The Kenya Revenue Authority is up in arms against illicit trade and contraband. It is fighting this menace by rolling out the Excisable Goods Management System (EGMS) on bottled water, juices, energy drinks and soda.
EGMS went live on 13th November 2019 and stakeholders have been adequately prepared and educated through numerous sensitization and engagement forums. Issues raised at every engagement level have also been comprehensively and exhaustively addressed to ensure that all parties set off for the voyage in the same coach.
The EGMS system was first rolled out in 2013 on tobacco, wines, spirits and beers through affixation of excise stamps on the products. The implementation of the EGMS system on these products has been beneficial, reflecting a positive impact on revenue collection.
Billions and lives at stake
This implementation saw a significant improvement in the collection in the sector within the financial year in which EGMS was implemented. Thanks to EGMS, excise revenues in this sector have risen from Ksh700 million back then to more than Ksh5.7 billion per month (excluding excise from airtime and financial services) currently.
EGMS is a system for protection of excise tax revenue which comprises a secure excise stamp production and accounting with track and trace functionalities. It further supports the identification and interdiction of illicit products along the supply chain.
The implementation of EGMS has been a significant boost in the fight against illicit trade. KRA’s efforts to comb the market for excisable goods whose manufacture and sale contravene the Excise Duty Act have been made easier.
The culmination of such efforts is the mass destruction of confiscated products. KRA recently destroyed excisable goods worth more than Ksh1.5 billion with a revenue implication of over Ksh400 million. The goods had been confiscated from various parts of the country.
With time, delinquent traders who had been replicating tobacco and alcoholic products had spread their tentacles to soft drinks and other non-alcoholic beverages. Compared to tobacco and non-alcoholic drinks, the latter have a wider consumer base.
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This means that the proliferation of contraband soft drinks and other non-alcoholic drinks puts a bigger number of consumers and users at risk, including young children who constitute the consumer base of these products. Due to the wider consumer base, the ripple effect of the menace is loss of more revenue not only for the manufacturers but also for the government.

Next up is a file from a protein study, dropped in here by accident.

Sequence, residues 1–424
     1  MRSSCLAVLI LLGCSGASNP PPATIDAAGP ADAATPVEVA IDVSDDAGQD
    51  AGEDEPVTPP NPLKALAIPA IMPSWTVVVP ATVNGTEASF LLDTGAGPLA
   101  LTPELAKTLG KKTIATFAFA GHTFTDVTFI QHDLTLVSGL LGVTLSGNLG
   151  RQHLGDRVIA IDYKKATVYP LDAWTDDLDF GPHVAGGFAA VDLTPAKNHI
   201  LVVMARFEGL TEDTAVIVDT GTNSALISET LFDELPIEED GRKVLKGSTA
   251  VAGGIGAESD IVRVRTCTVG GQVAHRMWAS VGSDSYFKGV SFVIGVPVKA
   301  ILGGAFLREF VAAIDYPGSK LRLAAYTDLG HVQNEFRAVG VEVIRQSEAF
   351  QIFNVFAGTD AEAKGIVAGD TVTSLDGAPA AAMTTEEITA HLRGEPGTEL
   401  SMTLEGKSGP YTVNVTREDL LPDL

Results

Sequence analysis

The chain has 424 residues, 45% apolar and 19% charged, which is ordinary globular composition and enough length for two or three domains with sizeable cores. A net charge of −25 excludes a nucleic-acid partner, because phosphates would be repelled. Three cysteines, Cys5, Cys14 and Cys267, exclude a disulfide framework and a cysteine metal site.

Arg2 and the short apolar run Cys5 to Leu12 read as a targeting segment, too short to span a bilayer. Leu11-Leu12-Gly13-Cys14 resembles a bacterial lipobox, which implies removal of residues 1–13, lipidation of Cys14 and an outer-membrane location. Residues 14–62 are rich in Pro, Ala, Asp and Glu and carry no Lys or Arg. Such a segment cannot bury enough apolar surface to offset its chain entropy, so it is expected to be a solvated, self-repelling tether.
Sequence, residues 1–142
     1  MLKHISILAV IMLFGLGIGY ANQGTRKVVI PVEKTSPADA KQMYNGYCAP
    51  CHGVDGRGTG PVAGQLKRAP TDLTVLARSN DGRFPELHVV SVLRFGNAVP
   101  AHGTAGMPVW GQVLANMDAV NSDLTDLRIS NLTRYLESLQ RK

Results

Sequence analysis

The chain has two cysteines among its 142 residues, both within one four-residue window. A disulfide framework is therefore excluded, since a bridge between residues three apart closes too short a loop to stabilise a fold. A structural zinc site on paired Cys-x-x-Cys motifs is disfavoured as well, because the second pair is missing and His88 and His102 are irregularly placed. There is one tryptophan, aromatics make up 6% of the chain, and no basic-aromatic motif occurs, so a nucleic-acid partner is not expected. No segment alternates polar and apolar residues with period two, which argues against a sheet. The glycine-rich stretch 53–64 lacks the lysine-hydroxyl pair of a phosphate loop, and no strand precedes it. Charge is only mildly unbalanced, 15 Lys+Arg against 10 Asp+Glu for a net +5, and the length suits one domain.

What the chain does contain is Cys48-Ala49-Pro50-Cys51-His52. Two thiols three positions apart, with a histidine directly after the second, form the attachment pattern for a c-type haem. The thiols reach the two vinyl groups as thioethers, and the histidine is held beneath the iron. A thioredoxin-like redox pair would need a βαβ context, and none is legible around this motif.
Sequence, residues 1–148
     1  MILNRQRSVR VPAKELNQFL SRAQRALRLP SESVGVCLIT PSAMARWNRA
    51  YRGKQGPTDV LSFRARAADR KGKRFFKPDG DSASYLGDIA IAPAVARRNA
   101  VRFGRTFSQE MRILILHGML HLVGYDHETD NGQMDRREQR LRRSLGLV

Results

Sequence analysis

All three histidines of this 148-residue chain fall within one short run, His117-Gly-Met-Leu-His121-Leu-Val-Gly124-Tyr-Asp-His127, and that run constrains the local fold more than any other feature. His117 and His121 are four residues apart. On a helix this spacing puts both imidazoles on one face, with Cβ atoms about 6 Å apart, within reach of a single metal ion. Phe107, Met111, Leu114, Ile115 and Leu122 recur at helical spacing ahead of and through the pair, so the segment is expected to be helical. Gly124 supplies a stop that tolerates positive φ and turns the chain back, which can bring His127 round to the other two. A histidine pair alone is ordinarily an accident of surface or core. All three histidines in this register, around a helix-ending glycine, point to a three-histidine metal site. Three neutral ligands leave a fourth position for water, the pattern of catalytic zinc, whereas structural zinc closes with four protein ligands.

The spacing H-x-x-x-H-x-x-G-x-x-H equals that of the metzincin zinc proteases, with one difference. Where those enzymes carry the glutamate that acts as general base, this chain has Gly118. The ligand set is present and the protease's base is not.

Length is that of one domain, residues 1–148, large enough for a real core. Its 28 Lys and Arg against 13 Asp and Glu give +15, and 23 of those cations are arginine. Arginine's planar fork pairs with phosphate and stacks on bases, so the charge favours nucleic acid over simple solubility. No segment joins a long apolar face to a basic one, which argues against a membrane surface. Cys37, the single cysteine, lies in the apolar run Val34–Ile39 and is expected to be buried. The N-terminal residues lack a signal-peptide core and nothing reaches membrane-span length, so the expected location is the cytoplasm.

The recent decision by the government to extend use of EGMS on these products is, therefore, an important step in the journey towards completely combating illicit trade and contraband products in this sector.
The efficacy and success of EGMS on tobacco and alcoholic products so far is proof enough that the system has the potential to end the malpractices in other excisable products in the bud.
gap between those who have been paying taxes and those who have not been paying is monumentally wide
Despite some mild objection by a section of the industry, the system is of greater benefit to the manufactures. It creates a level playing ground for all the players in the target industry, which in turn promotes fairness and inclusivity. Fairness and inclusivity are key taxation principles.
Looking at the water sector, for instance, the gap between those who have been paying taxes and those who have not been paying is monumentally wide. About 78% of the players in the water sector have not been paying their fair share of tax. EGMS will, therefore, go a long way in bridging this gap.
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KRA is certain that amongst other benefits, the rollout of EGMS will guard the market from potentially harmful products that pose serious health hazards to unsuspecting consumers. In addition, the proliferation of illicit trade and contraband is the breeding ground for other serious vices such as crime and money laundering.
One of the worst-hit sectors involving consumable products has been the multi-billion excisable goods sector globally.
Through technological interventions such as EGMS, the teething global problem of counterfeit products and illicit trade will be significantly solved in the long run. It is, therefore, imperative for all stakeholders to walk with KRA in shaping a future devoid of illicit trade in the excisable goods sector.
This calls for holistic and unwavering support from all concerned stakeholders.
The writer is the Commissioner for Domestic Taxes Department at the Kenya Revenue Authority (KRA).